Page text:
Issue 12: Critical Thinking, Skepticism, and Cynicism
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There is yet another cautionary point. I think, among many people, there is strong enthusiasm in science and a commendable deference to scientific method. But let us be careful to not confuse science with rationality. Dependable science follows rational discipline, but rationality is a far more over-arching topic. Science prefers to limit evidence to that which it deems firmly measurable, and ideally, limited to those observations which can be repeatedly demonstrated in a lab setting with consistent results, to be accepted as true science. But clearly, many of the observations in the world can not fit into the realm of laboratory tests. There is much we see and experience that defies reduction into the scientific discipline of lab measurements.
Some people have an impressive ability to predict and direct human behavior, live, in real time, without the benefit of laboratory analysis. This still falls under the realm of critical thinking and rational assessment. But these situations are not necessarily a critique of science. The scientific method simply doesn't purport itself to be suited to every area of human experience. Humor is beyond the scope of measure, but it still exists and some people are quite good at assessing and creating humor. Aesthetic appreciation is not a science and yet the concurrence of human opinion in recognizing great art is fairly consistent. These are entirely functions of critical thinking.
But some, in their allegiance to science, wish to co-opt the title of skeptic to use it as a bludgeon against those whose ideas and assessments fall outside their commonly held theoretical beliefs. For example, how many huge scientific theories were at first derided and condemned by the scientific community itself before being finally accepted? Alfred Wegener's theory of continental drift in 1915 was roundly scorned until the acceptance of plate tectonics later in the 20th century. George Zweig published his quark theory in 1964 and was accused of being a charlatan. Quarks are now an indispensable part of the Standard Model of our view of the universe. Joseph Lister's sterilization theories met with much ridicule. The idea of "invisible germs" being the cause of infections was scoffed at in the 1860s, but is common knowledge today. So, the presumed role of skeptic often is the cloak that the cynic uses to to obstruct the advancement of science, typically to defend their own authority. This is nearly equivalent to the rigidity of religious doctrine.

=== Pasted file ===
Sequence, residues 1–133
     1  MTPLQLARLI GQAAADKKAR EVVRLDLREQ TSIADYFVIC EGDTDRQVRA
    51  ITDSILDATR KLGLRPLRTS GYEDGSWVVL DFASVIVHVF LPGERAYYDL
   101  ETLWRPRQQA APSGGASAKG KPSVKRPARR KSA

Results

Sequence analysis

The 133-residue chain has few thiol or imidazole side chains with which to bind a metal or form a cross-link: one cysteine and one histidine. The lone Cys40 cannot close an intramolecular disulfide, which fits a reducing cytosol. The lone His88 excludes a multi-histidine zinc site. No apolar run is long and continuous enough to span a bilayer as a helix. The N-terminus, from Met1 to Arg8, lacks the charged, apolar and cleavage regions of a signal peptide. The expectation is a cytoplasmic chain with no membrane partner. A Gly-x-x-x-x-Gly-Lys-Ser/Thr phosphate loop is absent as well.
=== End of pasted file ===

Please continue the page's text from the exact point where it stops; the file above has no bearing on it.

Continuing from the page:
Does this mean that we should entertain every story of bigfoot encounters and alien contact? No. Critical thinking is capable of discerning between people who have had a delusional psychotic break and rational thought. Does this mean that every story about bigfoot and aliens is the product of a psychotic break? No. But neither does that qualify a story to be compelling evidence. The skeptic-turned-cynic would use the most doubtful of storytellers as the typical example of all people who have had an extraordinary experience to support their foregone conclusion that it's all a bunch of rubbish to be dispensed with. This then dismisses a body of evidence that, though inconclusive, escapes adequate explanation.
A healthy posture of critical thinking protects against overly skeptical thinking that acts as blinders to categorically shut out evidence, while at the same time, it can efficiently evaluate and follow indicators to a logical direction. A healthy platform of critical thinking is fluid and adjusts its position according to new data available. A well disciplined critical thinker has little patience for conclusions, but prefers the open-ended ever-evolving revelations of close observation.
There is more to the world than science. There are the matters of the spirit and of art. Science is a meaningless pursuit without the fascination of the spirit and the deep appreciation which that engenders. The harmony of its inner workings naturally spills forward in art and poetry. The three go hand in hand — science - art - spirit, because they provide perspective to one another.
Habitual skepticism erodes this bond and robs the natural wonder which compels exploration. Charles Darwin elegantly states, "I am not very skeptical... a good deal of skepticism in a scientific man is advisable to avoid much loss of time, but I have met not a few men, who... have often thus been deterred from experiments or observations which would have proven serviceable."

Tim Sunderman is a graphic designer in the San Francisco bay area who does most of his art without a computer, using traditional techniques in drawing, painting, photography, calligraphy, and even sculpture. He is a graduate of the Academy of Art in San Francisco. He eschews speaking of himself in the third person, as he is here, but doesn't mind too much for shameless self-promotion.